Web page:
The White House is threatening to veto the $642 billion 2013 Defense authorization bill passed last week by the House Armed Services Committee because it spends too much on national security.
The administration signaled last week that it would not support a budget that is $4 billion over the president’s request and $8 billion over the spending caps set last fall by the bipartisan Budget Control Act of 2011.
Defense Secretary Leon Panetta and Rep. Buck McKeon, R-Calif., the Armed Services Committee chairman, had a terse exchange of statements last week, with Panetta claiming the extra money would actually hurt the military by making it more likely that Congress and the White House will be unable to avoid across-the-board budget cuts in January that could reduce the 2013 defense budget by $55 billion or more.
McKeon, however, said the extra money was part of an effort by House Republicans to prevent reductions so deep that the military would not be able to carry out core missions.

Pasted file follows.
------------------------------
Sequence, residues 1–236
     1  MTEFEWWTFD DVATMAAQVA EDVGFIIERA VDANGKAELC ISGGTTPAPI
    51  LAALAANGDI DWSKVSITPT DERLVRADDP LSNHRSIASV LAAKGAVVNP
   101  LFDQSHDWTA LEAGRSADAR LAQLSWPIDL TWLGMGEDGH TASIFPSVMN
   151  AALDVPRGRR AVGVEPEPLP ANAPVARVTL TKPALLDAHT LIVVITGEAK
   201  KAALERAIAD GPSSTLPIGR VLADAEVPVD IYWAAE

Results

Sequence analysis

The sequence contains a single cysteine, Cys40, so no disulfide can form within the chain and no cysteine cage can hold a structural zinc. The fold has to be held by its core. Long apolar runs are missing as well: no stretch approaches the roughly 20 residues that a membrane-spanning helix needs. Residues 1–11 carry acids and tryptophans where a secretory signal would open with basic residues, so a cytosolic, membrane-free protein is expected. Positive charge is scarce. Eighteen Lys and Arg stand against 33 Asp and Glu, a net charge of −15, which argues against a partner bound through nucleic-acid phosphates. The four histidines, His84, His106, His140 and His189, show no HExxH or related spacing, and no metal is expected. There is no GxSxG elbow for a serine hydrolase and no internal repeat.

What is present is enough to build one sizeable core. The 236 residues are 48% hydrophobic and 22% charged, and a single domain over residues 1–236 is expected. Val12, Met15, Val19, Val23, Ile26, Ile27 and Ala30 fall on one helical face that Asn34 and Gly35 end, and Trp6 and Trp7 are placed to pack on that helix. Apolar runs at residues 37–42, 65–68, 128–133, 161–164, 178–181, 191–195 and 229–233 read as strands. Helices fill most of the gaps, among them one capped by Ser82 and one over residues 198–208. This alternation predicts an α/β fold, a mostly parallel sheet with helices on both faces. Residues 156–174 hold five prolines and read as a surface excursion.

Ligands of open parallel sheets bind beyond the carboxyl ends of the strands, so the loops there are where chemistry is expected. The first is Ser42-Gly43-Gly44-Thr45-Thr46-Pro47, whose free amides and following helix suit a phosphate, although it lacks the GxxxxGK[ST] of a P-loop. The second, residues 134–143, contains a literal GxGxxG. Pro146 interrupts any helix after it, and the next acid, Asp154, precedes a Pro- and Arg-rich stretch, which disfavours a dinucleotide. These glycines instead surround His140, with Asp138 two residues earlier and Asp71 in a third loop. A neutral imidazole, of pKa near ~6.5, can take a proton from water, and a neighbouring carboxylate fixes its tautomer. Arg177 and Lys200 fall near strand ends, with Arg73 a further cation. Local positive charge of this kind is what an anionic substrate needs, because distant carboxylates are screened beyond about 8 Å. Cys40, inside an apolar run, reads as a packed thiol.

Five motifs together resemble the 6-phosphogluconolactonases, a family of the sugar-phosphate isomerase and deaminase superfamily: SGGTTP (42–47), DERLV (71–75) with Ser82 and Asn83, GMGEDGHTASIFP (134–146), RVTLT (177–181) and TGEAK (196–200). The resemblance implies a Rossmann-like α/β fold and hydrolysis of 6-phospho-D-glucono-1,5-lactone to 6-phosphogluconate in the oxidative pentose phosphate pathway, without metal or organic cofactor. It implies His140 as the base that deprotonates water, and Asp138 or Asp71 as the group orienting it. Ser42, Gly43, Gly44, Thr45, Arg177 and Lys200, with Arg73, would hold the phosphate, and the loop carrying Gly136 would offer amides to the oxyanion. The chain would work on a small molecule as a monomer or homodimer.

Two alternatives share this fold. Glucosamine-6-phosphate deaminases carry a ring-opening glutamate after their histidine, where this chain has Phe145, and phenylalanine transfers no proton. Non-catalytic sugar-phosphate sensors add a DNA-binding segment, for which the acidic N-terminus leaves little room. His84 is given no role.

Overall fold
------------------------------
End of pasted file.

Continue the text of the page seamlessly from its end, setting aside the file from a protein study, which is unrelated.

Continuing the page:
The House is set to pass the defense bill by week’s end, but at some point lawmakers will have to reconcile differences with the Senate, which currently plans to abide by last fall’s spending caps. That could require the Senate Armed Services Committee to find $4 billion in cuts in the Pentagon’s plan when it meets the week of May 21 to write its version of the budget.
This isn’t the only area of dispute. The statement of administration policy issued by the White House’s Office of Management and Budget expresses disappointment that lawmakers have not endorsed Pentagon plans for higher fees in Tricare health insurance and pharmacy co-pays.
The administration was trying to save $13 billion across five years, but the House version of the 2013 defense authorization bill greatly reduced the scope of the Pentagon proposal, allowing only a modest $2.9 billion in savings from small increases in pharmacy co-pays.